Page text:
According to Canon Dyson Hague’s (Rector of the Memorial Church, London, Ontario) essay entitled “The History of the Higher Criticism” (the opening chapter found in The Fundamentals, edited by R.A. Torrey), the very term ‘Higher Criticism’ was not in itself a liberal view or movement, but was originally meant to denote an academic term that contrasted with ‘Lower Criticism’. Dr. Hague comments:

“One of the most important branches of theology is called the science of Biblical criticism, which has for its object the study of the history and contents, and origins and purposes of the various books of the Bible. In the early stages of the science, Biblical criticism was devoted to two great branches, the Lower and the Higher. The Lower Criticism was employed to designate the study of the text of the Scripture and included the investigation of the manuscripts, and the different readings in the various versions and codices and manuscripts in order that we may be sure we have the original words as they were written by the Divinely inspired writers (Textual Criticism, ‘Lower Critics’ and its scholars such as Beza, Erasmus, Bengal and [others of an entirely different sort like] Tischendorff, Scrivener, Westcott and Hort. . .)”.

“The Higher Criticism on the contrary was employed to designate the study of the historic origins, the dates, the authorship of the various books of the Bible and that great branch of study which in the technical language of modern theology is known as Introduction. It is a very valuable branch of Biblical science, and is of the highest importance as an auxiliary in the interpretation of the Word of God. By its researches floods of light may be thrown on the Scriptures.”

Dr. Hague proceeds to tell us that Higher Criticism was not at all initially a vehicle used by scholars to attack the veracity of Scripture from a liberal point of view; that this School was something that required the employment of “. . . so devout a spirit and so exalted a faith in the supernatural as the pursuit of Higher Criticism. It demands at once the ability of the scholar and the simplicity of the believing child of God. For without faith no one can explain the Holy Scriptures, and without scholarship no one can investigate historic origins.”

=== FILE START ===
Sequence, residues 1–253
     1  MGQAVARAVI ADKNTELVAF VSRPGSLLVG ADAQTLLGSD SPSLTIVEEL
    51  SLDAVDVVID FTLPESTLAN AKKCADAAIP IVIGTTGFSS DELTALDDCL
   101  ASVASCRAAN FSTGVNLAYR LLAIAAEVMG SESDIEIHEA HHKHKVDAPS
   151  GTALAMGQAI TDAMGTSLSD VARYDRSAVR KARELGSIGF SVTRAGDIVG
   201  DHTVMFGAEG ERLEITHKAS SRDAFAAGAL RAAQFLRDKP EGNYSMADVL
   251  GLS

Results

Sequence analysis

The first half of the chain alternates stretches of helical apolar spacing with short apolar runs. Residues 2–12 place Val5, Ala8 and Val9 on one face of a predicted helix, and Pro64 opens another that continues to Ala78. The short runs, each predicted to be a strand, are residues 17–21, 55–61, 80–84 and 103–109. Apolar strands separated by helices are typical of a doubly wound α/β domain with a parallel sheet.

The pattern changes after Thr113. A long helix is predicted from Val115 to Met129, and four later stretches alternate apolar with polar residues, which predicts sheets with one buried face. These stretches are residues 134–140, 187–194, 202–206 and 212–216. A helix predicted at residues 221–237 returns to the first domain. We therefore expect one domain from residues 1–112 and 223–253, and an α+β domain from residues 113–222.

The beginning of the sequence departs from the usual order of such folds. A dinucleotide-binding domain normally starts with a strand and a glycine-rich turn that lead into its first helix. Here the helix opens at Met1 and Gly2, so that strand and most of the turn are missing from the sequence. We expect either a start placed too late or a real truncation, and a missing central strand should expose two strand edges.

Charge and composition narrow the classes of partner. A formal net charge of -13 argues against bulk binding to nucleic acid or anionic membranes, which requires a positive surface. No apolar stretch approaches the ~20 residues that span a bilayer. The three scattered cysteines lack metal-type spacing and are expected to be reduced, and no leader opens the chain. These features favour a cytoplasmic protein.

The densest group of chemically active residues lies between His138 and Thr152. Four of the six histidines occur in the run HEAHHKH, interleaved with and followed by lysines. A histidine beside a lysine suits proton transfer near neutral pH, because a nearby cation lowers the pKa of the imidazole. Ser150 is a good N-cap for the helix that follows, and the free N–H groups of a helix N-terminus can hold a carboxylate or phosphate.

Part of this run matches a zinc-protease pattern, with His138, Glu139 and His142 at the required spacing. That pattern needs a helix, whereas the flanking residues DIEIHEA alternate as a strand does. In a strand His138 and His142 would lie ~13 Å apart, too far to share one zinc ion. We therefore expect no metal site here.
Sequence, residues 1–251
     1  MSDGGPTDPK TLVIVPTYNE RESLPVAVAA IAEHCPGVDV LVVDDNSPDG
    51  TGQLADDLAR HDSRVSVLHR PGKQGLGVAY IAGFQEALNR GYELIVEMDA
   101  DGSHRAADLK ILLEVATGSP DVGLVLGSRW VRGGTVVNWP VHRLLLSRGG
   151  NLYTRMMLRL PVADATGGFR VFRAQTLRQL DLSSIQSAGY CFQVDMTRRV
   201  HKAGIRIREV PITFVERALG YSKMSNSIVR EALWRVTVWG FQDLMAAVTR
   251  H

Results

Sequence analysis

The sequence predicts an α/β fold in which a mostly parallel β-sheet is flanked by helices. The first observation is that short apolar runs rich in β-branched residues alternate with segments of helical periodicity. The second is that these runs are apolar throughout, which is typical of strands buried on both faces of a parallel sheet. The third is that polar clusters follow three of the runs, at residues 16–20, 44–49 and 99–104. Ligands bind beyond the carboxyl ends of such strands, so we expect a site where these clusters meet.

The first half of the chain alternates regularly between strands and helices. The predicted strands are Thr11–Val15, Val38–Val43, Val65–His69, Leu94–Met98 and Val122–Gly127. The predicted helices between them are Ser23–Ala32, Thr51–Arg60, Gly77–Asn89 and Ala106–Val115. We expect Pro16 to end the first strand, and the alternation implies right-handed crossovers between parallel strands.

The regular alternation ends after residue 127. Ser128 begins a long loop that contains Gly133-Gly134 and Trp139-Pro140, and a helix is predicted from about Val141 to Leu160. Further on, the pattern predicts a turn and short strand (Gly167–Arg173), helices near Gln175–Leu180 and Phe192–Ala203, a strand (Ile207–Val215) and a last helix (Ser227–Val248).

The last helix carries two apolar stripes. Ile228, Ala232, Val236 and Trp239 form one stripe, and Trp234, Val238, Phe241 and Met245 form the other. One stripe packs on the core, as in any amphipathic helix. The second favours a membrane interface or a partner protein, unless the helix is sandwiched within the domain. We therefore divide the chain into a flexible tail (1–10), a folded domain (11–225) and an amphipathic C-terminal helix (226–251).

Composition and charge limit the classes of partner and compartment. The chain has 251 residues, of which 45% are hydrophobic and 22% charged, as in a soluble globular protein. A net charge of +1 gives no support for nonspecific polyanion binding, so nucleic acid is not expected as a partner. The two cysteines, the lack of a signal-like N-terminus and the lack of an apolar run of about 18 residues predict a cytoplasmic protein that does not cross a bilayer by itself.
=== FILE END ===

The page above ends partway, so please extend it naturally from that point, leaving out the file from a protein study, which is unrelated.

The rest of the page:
The School of Higher Critics was simply invaded and inundated with a preponderance of (German) liberal theologians who “. . . [have gone] in the direction of the subjective and of the conjectural. For hypothesis-weaving and speculation, the German theological professor is unsurpassed . . . they are so preoccupied with a theory that their conclusions seem to the average mind, curiously warped.” 

One reputable scholar wrote a letter to Descartes with this observation regarding such liberal thinkers of 19th century Germany: “When men sitting in their closet and consulting only their books attempt disquisitions into the Bible, they may indeed tell how they would have made the Book, if God had given them that commission. That is, they may describe chimeras which correspond to the fatuity of their own minds, but without an understanding truly Divine they can never form such an idea to themselves as the Deity had in creating it.”
Dr. Hague briefly outlines the beginnings of the Higher Critics movement, but lists in broad terms its origins as follows:

1. The French-Dutch: speculative, if not skeptical, whose findings are axiomatic by the subsequent Schools; its prevailing authority was seen as Spinoza, the rationalist Dutch philosopher (Tractatus Theologico-Politicus, 1670).
2. The German: Proceeded where the French-Dutch movement left off with such prominent names as Eichhorn, Vater, Hartmann, DeWette, Vatke and Leopold George (both Hegelians) and Julius Wellhausen.
3. The British-American: populated by such liberal scholars as Dr. Samuel Davidson. Dr. Robertson Smith (Scottish). Dr. S.R. Driver and Dr. C.A. Briggs, among others.